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The effects of tourism on Malham, UK

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aliza kazmi

on 2 April 2014

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Transcript of The effects of tourism on Malham, UK

The Effects of Tourism on Malham, UK
negative economic effects
The employment in shops that cater for the tourists is seasonal and poorly paid
The increase of house prices makes it very difficult for the locals, especially young couples, to buy property in the area
Old buildings have been altered into new ones that cater more for the tourists, which results in a loss of ‘community spirit’ and could gradually lead to a decline in the resident population
Shops to become ‘tourist based’ can also cause conflict with local residents who can lose out by having local shops only satisfy the tourists and not them
Positive Environmental effects
Negative environmental effects
positive EC0nomic Effects
Positive social effects
Negative social effects
Starter summary
Tourism has created more demand for local services such as public transport
E.g. The use of the bus to Skipton during the summer is a lot more common
This releases pressure on the car park at Malham, and it can be used by local residents to get into Settle to do their shopping
The national trust also runs a shuttle bus service from Settle to Malham on weekends and Bank holidays throughout the summer, which reduces the amount of cars on the road and traffic jams, therefore there is less stress for the people of Malham, as well as the tourists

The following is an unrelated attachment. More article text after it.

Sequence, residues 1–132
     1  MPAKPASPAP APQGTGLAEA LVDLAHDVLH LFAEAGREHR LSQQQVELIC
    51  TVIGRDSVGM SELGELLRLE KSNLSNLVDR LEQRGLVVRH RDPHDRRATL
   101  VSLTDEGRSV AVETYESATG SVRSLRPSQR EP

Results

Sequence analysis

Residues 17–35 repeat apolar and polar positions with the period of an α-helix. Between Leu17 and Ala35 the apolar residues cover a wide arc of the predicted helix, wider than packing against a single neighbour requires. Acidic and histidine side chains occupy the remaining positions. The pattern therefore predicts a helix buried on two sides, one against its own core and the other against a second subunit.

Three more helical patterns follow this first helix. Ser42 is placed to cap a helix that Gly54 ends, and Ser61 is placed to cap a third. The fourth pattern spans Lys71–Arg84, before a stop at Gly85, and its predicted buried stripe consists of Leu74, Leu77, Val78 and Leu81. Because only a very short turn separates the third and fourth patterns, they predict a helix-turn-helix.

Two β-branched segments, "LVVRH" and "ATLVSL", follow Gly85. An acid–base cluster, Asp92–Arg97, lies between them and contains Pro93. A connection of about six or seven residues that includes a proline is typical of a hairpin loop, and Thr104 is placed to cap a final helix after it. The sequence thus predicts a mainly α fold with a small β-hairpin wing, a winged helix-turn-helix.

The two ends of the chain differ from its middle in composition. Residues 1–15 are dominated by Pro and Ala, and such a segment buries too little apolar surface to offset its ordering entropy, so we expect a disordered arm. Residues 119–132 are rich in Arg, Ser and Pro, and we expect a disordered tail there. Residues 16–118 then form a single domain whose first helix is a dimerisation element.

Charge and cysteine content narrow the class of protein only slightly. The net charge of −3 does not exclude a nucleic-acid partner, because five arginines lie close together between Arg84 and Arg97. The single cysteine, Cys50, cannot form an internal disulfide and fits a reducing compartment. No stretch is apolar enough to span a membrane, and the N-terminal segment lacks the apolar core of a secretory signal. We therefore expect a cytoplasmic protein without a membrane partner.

Tourists require specific facilities such as souvenir shops, cafés and restaurants that allows local business activity to take place, which can provide additional local employment and income e.g. Cove Centre & The Buck Inn
In 1991 55% of the houses in Malham were used for holiday purposes
A higher demand for property has led to their prices being approximately 15% higher than properties in less popular rural areas of Yorkshire
The farmer at Town Head Farm has opened a campsite charging £10 per night and he also allows people to park their cars in his farmyard for £3 a day - this reduces the negative impact of areas suffering from the depression in farming
Malham is situated in the Yorkshire Dales National Park meaning that it is protected by the laws of the park which restrict development that is not keeping with the natural environment
In 1994 the creation of the open access area and additional footpaths, through the countryside Stewardship scheme in partnership with local farmers and landowners, means that locals as well as tourists have more rights to roam over their local area
The creation of additional footpaths and open access area causes problems for some farmers as tourists do not stay on the path causing erosion; they climb on the stone walls and their dogs worry the farmers’ sheep
Malham is very popular with between 75,000 and 100,000 visits per year
This causes erosion of footpaths, especially the footpath to Janet’s Foss - a waterfall and one of the closest attractions to the village

Path leading to Janet's Foss water fall
A cafe in Malham, an example of building alteration to
accommodate tourists
Traditional village public houses, such as the Buck Inn show have become themed destroying their authentic nature as well as discouraging the locals
Increased noise levels, disturbance and loss of privacy can all be due to the tourists
Problems for farmers and landowners include: increase in trespass; damage from walls being climbed; disturbance of stock and vandalism
Visitors tend to park in the narrow village streets causing congestion
The local residents are prevented from going about thier necessary activities and access for emergency vehicles is severely restricted

Malham is a village in North Yorkshire, England (Europe)
Holiday: Backpacking/Adventure

Malham Cove

Janet’s Foss

Malham Tarn

Goredale Scar
Full transcript